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Canada shuts ports to Russian ships over Ukraine invasion

By Alexander Schummer

TORONTO (Reuters) -Canada ratcheted up pressure on Russia on Tuesday for its invasion of Ukraine by shutting ports to Russian-owned ships and saying that holdings of all Russian oligarchs and companies in the country are under review.

Canada has announced a slew of measures to isolate Russia, including imposing sanctions on Russian President Vladimir Putin, closing Canadian airspace to Russian planes, banning oil imports and forbidding Canadian financial institutions from dealing with the Russian central bank, acting in tandem with other Western countries.

Ottawa expanded its crude oil import ban to include refined petroleum products and “other petroleum products from Russia,” the country’s natural resources minister tweeted on Tuesday night.

Earlier, Transport Minister Omar Alghabra said that while the number of Russian ships entering Canadian waters and ports is “small,” there will still be an impact, especially with other countries doing the same.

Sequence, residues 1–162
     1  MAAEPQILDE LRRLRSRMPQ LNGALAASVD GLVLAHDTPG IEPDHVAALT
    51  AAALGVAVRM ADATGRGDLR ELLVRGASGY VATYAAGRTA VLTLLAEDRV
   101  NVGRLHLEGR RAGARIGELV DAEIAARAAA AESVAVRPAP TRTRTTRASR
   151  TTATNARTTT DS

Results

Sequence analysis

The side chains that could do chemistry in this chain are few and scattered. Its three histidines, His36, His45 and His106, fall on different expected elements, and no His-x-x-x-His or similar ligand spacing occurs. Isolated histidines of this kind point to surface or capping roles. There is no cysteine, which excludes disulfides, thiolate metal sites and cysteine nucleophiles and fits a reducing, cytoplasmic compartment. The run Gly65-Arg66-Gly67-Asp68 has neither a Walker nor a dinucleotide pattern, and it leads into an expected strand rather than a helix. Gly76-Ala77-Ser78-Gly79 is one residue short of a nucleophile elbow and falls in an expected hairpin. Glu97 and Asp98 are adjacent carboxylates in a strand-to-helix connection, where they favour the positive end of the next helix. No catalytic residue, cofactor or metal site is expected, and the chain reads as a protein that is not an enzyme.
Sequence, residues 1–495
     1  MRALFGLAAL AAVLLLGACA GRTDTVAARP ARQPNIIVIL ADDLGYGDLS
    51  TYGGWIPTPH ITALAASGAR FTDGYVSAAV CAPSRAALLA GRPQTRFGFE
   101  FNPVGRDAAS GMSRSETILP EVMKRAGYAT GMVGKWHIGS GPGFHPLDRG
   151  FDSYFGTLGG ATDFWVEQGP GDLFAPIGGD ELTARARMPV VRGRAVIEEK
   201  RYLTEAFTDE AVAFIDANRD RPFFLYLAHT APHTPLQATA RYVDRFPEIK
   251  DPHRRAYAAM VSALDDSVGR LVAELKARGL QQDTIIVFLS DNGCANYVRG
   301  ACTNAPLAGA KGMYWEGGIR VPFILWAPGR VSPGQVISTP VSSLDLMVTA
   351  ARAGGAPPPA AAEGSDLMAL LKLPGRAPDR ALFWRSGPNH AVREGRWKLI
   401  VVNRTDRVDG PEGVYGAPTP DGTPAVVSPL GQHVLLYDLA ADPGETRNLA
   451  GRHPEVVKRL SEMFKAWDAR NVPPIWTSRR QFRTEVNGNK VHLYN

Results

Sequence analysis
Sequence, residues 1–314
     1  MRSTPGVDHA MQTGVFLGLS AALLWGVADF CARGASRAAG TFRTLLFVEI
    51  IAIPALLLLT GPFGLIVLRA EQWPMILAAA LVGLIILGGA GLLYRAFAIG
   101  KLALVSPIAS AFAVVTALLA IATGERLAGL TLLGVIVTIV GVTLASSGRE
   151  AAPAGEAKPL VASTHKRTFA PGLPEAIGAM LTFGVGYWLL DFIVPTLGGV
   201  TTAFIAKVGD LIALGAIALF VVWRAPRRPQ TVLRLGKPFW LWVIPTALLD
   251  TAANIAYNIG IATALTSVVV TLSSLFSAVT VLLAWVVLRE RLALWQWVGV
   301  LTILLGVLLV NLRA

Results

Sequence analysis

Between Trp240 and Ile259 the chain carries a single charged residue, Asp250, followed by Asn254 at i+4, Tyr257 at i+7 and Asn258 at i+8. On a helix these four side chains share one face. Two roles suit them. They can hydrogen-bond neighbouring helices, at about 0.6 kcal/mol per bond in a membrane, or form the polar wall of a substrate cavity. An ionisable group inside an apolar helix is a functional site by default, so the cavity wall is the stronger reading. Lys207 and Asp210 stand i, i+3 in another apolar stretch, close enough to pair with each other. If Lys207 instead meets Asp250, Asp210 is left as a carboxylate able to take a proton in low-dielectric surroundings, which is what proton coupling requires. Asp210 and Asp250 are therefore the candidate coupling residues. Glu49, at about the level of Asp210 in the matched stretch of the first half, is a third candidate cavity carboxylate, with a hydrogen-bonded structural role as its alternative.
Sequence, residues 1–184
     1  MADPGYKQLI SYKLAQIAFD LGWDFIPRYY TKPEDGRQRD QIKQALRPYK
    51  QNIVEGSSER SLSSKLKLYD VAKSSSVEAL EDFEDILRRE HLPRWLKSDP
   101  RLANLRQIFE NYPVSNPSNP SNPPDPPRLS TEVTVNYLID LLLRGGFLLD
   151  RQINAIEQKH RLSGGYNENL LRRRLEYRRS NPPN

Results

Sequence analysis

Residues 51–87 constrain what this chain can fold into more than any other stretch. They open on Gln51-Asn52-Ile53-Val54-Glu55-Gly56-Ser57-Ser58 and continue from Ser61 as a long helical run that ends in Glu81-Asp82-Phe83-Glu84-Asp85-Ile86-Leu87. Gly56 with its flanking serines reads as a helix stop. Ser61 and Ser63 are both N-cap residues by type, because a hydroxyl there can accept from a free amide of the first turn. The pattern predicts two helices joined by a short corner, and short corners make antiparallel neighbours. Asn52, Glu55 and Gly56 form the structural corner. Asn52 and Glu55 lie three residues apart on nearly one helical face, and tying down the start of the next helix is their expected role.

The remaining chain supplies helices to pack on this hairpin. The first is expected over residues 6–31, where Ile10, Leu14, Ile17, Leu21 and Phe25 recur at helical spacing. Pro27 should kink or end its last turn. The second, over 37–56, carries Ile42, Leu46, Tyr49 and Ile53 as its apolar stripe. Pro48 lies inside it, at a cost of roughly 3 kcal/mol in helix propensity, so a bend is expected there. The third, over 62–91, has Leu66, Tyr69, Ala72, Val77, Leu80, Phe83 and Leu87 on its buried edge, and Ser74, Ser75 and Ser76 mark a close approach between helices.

Russia represents less than 2% of Port of Montreal’s annual containerized volumes, and the ban will have little commercial impact, a port spokesperson said.

Port of Vancouver, Canada’s busiest, said the number of Russian-flagged vessels calling there is minimal. In the past, those have traded in crude oil, canola oil and copper concentrates, a spokesperson said.

Canada is tracking three Russian-flagged vessels off the East Coast, one of which is a cargo vessel, a government official told Reuters.

Canada is also scrutinizing holdings of all Russian oligarchs and Russian companies in the country, Finance Minister Chrystia Freeland told reporters on Tuesday. “We are reviewing them and everything is on the table,” she added.

Canada is sending 1,600 bulletproof vests and almost 400,000 meal rations to Ukraine.

Canada imported C$2.14 billion ($1.68 billion) worth of goods from Russia in 2021, Statistics Canada data showed, with metals and minerals among the most valuable categories. It imported C$289 million worth of Russian energy products last year, according to the agency.

($1 = 1.2738 Canadian dollars)

Source: Reuters

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